China open to third countries’ roles in Hambantota

By Hu Weijia Source:Global Times Published: 2019/3/24 20:25:15

A general view of Sri Lanka's deep sea port facilities at Hambantota File photo: VCG

China is expected to adopt an open attitude toward the increasing presence of third countries in the Chinese-leased Hambantota port in Sri Lanka. Investment from third countries will help the port enhance its competitiveness, making the country a regional logistics hub standing shoulder-to-shoulder with Singapore.

Oman Oil Minister Mohammed bin Hamad Al Rumhy was quoted by Reuters as saying on Sunday that he was excited to be part of an oil refinery project that will be built near Hambantota port. China said on Thursday it will not be "narrow-minded" and oppose investment from India or other countries in Sri Lanka. 

The report came after Oman denied knowing about its part in the project. Sri Lankan officials announced Tuesday that Oman's oil ministry planned to take a 30 percent stake and a Singapore company controlled by India's Accord Group would hold the other 70 percent.

This sudden attitude change by Oman has nothing to do with China's role in the Hambantota port. China's attitude toward third countries' investment in the port is consistent and won't change in the foreseeable future.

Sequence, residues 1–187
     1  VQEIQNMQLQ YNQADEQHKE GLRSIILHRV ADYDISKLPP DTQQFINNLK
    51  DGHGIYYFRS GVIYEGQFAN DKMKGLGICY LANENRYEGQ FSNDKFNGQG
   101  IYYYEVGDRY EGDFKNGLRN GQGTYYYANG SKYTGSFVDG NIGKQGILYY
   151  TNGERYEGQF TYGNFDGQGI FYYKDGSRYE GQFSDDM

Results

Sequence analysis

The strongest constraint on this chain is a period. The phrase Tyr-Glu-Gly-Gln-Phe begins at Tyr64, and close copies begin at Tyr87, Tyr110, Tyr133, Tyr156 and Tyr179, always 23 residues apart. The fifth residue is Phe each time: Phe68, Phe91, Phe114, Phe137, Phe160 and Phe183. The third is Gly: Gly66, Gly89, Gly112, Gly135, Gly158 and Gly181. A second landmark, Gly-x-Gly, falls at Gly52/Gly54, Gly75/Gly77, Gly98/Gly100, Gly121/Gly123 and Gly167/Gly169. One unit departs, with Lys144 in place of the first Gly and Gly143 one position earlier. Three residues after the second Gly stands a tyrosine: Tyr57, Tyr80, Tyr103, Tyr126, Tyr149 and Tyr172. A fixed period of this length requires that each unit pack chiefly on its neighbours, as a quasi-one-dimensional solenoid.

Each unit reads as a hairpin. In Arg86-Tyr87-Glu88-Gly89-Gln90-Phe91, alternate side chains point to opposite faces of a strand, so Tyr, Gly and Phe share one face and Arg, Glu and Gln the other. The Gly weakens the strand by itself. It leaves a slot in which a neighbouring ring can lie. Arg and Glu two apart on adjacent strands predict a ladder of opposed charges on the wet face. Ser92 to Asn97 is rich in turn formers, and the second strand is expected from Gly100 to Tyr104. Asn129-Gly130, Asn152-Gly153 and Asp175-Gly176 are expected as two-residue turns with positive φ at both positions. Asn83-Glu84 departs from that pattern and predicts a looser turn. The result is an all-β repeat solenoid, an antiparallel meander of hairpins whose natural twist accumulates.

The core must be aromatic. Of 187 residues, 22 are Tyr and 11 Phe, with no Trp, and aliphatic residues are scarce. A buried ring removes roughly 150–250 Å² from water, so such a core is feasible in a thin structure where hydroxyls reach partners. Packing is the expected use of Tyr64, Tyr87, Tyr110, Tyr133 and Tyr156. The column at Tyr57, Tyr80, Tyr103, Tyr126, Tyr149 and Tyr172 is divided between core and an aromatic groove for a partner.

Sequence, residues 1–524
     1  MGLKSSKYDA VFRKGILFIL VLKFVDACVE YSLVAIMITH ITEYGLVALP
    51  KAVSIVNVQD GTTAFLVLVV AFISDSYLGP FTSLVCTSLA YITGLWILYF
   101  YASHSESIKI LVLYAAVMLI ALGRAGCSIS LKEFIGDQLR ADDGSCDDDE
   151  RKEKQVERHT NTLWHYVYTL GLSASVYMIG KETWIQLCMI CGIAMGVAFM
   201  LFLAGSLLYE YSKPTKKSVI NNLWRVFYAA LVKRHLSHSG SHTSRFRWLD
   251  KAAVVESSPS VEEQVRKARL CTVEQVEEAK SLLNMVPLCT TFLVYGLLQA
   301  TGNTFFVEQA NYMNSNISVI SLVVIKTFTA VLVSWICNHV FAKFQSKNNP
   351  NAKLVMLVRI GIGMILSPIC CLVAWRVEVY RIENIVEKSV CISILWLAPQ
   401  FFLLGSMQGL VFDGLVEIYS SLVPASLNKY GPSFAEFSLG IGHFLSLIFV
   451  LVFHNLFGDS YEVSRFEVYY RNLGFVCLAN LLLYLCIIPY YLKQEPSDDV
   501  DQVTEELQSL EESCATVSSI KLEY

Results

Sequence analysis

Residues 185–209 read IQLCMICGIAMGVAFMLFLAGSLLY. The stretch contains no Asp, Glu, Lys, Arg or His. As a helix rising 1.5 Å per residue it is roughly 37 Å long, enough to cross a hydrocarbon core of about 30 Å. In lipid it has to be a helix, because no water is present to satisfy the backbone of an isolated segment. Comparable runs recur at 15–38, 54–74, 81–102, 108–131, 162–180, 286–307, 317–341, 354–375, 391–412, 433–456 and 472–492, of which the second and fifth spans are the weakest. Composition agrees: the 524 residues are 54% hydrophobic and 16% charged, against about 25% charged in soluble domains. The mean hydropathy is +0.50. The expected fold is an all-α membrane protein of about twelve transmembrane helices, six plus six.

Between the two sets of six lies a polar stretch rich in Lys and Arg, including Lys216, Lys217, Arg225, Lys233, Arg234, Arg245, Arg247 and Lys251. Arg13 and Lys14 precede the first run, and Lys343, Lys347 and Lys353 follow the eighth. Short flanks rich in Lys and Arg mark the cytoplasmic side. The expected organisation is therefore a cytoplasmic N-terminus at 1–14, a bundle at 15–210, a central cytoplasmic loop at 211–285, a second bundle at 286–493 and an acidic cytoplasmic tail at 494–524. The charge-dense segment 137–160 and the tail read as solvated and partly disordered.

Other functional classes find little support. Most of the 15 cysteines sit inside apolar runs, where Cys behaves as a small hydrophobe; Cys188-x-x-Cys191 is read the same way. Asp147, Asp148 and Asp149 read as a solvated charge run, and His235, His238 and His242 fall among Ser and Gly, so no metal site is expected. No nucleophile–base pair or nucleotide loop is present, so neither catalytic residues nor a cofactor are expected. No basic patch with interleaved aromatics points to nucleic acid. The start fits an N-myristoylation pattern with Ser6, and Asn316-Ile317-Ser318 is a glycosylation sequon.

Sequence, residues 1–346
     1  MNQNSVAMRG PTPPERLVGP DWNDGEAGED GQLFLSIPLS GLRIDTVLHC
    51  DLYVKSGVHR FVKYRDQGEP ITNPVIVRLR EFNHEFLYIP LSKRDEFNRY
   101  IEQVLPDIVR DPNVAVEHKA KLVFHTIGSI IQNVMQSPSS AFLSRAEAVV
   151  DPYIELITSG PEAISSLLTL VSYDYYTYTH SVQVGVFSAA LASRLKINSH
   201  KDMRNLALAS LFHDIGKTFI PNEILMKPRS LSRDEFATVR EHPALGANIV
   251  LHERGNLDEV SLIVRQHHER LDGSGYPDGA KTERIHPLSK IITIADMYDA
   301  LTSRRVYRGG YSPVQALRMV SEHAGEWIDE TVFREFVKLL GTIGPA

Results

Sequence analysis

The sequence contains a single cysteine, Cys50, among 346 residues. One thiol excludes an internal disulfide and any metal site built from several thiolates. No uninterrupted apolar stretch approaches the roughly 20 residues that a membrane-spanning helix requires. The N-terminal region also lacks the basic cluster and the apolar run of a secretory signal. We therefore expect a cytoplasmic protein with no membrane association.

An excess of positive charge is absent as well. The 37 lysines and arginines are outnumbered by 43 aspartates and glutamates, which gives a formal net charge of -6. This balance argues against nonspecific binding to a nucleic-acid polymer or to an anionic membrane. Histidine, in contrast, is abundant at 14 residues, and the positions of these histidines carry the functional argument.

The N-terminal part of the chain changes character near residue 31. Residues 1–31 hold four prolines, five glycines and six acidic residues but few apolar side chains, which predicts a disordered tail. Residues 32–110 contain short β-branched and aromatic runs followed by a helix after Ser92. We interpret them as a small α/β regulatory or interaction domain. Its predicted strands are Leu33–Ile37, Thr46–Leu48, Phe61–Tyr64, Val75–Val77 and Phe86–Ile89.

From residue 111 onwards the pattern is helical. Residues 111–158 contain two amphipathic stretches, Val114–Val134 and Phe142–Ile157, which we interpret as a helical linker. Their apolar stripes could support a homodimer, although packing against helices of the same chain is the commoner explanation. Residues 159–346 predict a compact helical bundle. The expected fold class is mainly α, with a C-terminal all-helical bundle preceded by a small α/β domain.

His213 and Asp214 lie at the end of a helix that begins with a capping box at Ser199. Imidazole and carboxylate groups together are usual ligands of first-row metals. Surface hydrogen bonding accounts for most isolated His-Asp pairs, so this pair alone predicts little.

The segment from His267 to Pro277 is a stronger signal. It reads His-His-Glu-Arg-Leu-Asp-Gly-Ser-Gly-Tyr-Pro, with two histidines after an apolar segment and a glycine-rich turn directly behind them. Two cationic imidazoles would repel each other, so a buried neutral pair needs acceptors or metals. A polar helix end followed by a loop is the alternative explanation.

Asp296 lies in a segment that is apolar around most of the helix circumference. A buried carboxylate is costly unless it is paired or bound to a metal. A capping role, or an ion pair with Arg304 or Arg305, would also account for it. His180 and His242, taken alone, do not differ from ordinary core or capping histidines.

The Reuters report on Sunday showed Oman has a strong desire to invest in Sri Lanka, and the country doesn't want to give up the planned oil refinery project. China is reportedly the biggest buyer of Omani oil. It is understandable the country is interested in investing in Sri Lanka's oil refinery project, at a time when China's investment in the Hamboantota port makes the island a potential logistics hub for Oman's oil tankers headed toward China.

As a key project of the China-proposed Belt and Road Initiative (BRI), Hambantota port is making Sri Lanka an increasingly attractive investment destination for third countries, including Oman and India. 

Although the Indian government has declined to endorse the BRI, Indian companies cannot seem to resist the temptation of benefits brought by the initiative. China welcomes them to share the opportunities of the BRI, and it hopes their involvement can change New Delhi's attitude toward the BRI.

With those benefits, foreign investors' enthusiasm for Sri Lanka is likely to stimulate economic growth in the island country, making it possible for Sri Lanka to copy Singapore's development model to become a global logistics hub.

Some Western media outlets have criticized Sri Lanka for leasing the Hambantota port to China for 99 years, but if China's role in the port can bring tangible benefits to the local economy, the 99-year lease doesn't matter. Like China, Sri Lanka's primary strategy is to promote economic and social development. As long as the port can stimulate Sri Lanka's economic growth, the 99-year lease is necessary. 

The author is a reporter with the Global Times.


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